Drink water! It’s very easy to become dehydrated in hot weather, and children are very susceptible to water loss. Although they may ask for soda or juice, make sure they (and you) are mostly drinking water. Sugary drinks, whether natural or artificial, are simply not as effective at hydration (and they add unnecessary calories).
Warning signs of dehydration include:
·      Feeling dizzy
·      Having a dry or sticky mouth
·      Producing less or darker urine
If you notice any of these signs in yourself or in your children, get somewhere cool as quickly as possible and drink cool water.

Tuesday, August 30, 2011

Q&A: FDA puts new regulations on Sunscreen in the USA - what you need to know

Questions and Answers: FDA announces new requirements for over-the-counter (OTC) sunscreen products marketed in the U.S.

[updated 6/23/2011]

On June 14, 2011 the U.S. Food and Drug Administration (FDA) announced new requirements for sunscreens currently sold over-the-counter (OTC) (i.e. non-prescription). These requirements support the Agency's ongoing efforts to ensure that sunscreens meet modern-day standards for safety and effectiveness. The new requirements, as well as several proposed changes for future rules, are outlined in four regulatory documents that include a Final Rule, a Proposed Rule, an Advance Notice of Proposed Rulemaking, and a Draft Guidance for Industry.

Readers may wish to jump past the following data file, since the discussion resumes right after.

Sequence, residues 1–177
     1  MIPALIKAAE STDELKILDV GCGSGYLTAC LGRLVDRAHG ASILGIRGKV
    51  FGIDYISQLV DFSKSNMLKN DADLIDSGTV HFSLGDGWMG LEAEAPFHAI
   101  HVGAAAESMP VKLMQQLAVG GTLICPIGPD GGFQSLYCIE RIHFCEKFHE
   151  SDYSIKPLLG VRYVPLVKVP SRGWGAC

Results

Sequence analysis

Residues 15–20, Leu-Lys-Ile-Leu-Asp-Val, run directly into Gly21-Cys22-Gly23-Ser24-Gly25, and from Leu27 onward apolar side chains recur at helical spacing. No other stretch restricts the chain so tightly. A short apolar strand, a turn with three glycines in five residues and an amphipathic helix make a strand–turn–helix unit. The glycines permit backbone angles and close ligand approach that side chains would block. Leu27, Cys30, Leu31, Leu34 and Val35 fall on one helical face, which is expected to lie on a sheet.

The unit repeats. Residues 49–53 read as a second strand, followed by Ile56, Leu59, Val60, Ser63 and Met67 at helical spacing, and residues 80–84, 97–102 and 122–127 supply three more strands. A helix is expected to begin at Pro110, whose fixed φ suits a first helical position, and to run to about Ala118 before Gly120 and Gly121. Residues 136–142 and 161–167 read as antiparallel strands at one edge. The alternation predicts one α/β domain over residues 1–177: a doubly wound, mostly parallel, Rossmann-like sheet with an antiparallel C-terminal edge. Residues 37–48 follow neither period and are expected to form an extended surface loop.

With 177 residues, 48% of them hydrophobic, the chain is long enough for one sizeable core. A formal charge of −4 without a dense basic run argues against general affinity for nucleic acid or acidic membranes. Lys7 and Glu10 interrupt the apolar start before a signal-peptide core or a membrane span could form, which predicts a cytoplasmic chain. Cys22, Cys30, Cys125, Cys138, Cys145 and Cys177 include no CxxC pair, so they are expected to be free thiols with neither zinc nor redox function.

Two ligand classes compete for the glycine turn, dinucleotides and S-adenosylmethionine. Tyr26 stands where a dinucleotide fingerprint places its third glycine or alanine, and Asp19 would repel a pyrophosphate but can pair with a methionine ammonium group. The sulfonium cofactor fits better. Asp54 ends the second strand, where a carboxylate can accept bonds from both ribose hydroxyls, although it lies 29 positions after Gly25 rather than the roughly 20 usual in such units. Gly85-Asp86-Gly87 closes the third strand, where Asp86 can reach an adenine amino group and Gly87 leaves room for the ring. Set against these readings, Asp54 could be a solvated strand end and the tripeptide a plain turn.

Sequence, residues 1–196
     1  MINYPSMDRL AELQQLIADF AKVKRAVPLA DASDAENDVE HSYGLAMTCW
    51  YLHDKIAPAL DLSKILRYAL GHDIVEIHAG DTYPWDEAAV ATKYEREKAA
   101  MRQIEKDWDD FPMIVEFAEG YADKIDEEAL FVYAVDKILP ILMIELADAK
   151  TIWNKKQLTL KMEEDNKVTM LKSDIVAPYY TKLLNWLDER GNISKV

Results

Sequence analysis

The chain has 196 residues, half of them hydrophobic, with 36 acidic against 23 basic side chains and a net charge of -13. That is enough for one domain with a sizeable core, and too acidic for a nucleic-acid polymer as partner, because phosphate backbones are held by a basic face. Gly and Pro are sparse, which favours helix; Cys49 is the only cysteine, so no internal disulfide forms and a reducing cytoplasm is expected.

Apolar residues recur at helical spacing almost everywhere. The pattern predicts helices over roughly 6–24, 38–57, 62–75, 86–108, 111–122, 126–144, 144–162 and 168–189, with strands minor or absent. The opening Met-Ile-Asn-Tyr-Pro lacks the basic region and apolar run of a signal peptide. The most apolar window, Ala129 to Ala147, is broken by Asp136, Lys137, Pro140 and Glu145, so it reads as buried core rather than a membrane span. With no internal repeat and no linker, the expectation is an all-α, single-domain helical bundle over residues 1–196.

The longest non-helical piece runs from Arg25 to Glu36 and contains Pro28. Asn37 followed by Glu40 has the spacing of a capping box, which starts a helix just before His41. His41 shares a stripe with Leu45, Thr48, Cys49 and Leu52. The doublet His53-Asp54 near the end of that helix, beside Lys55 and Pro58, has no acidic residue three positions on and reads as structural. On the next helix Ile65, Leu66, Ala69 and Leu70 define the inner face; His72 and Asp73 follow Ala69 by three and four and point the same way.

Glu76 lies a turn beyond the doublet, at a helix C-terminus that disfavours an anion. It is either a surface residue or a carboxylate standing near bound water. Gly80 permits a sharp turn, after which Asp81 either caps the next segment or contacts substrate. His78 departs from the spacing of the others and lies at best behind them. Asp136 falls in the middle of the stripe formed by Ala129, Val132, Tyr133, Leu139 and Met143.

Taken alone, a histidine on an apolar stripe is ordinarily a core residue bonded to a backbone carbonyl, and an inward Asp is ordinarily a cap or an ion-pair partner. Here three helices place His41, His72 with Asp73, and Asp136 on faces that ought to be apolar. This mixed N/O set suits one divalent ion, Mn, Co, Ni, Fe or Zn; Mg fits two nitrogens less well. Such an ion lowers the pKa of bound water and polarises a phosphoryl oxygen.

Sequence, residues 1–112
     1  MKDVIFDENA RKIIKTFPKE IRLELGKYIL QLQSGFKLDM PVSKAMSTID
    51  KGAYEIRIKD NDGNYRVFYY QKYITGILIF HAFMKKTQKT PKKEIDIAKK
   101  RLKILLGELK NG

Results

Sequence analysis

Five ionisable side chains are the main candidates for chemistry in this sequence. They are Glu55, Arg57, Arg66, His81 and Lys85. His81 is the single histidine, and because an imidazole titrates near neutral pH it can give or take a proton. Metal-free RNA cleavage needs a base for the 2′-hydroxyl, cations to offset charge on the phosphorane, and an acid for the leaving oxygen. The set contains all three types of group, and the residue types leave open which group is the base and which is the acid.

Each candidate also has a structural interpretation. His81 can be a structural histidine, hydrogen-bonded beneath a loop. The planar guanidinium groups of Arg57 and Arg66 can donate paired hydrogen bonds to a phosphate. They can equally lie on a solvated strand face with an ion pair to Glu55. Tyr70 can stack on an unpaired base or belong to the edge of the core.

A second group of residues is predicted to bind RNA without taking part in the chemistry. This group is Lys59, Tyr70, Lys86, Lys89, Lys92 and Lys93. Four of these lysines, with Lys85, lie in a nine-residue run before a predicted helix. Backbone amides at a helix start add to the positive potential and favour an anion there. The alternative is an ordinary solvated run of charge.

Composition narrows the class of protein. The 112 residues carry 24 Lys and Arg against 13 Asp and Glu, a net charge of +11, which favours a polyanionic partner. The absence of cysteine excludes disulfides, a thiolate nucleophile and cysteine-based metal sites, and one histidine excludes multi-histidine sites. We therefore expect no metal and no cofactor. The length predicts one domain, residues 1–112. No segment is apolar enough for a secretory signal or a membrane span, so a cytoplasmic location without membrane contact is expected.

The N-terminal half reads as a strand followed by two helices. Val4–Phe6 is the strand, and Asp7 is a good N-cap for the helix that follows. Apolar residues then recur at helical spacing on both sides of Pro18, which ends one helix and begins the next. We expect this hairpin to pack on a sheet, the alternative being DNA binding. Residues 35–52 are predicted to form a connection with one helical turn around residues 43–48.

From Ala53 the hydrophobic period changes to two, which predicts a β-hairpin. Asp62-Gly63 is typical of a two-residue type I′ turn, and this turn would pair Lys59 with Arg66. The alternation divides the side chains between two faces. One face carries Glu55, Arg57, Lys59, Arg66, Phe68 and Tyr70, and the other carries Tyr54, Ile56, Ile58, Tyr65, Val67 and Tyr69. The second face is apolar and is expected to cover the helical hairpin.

The following questions and answers provide a brief overview of the recent regulatory actions and highlight the most important information for consumers to know when buying and using sunscreen products.

Q1. Why is FDA making changes to how sunscreens are marketed in the United States?

Q2. When will these changes take effect?
Q3. What does the SPF value on sunscreen labels indicate?
Q4. Does FDA believe sunscreens are still safe and effective? Do consumers need to throw away the sunscreens they are currently using?
Q5. What do consumers most need to know when buying and using sunscreens?
Q6. What are the main points of the new Final Rule?
Q7. Does the Final Rule apply to cosmetics and moisturizers containing sunscreen?
Q8. What does the Proposed Rule address?
Q9. What is the purpose of the Advance Notice of Proposed Rulemaking (ANPR)?
Q10. Why is the Advance Notice of Proposed Rulemaking (ANPR) requesting additional data on sunscreen products in the form of sprays?
Q11. What is included in the Draft Guidance for Industry?
Q12. Why isn't FDA finalizing all the proposed sunscreen changes under one rule?
Q13. Where can I find more information on these various regulatory actions?
Q14. Where can I find more information on sunscreen use?

Q1. Why is FDA making changes to how sunscreens are marketed in the United States? 
A. FDA is making changes to how sunscreens are marketed in the United States as part of the Agency's ongoing efforts to ensure that sunscreens meet modern-day standards for safety and effectiveness and to help consumers have the information they need so they can choose the right sun protection for themselves and their families. Prior rules on sunscreens dealt almost exclusively with protection against sunburn, which is primarily caused by ultraviolet B (UVB) radiation from the sun, and did not address ultraviolet A (UVA) radiation, which contributes to skin cancer and early skin aging. After reviewing the latest science, FDA determined that sufficient data are available to establish a "broad spectrum" test for determining a sunscreen product's UVA protection. Passing the broad spectrum test shows that the product provides UVA protection that is proportional to its UVB protection.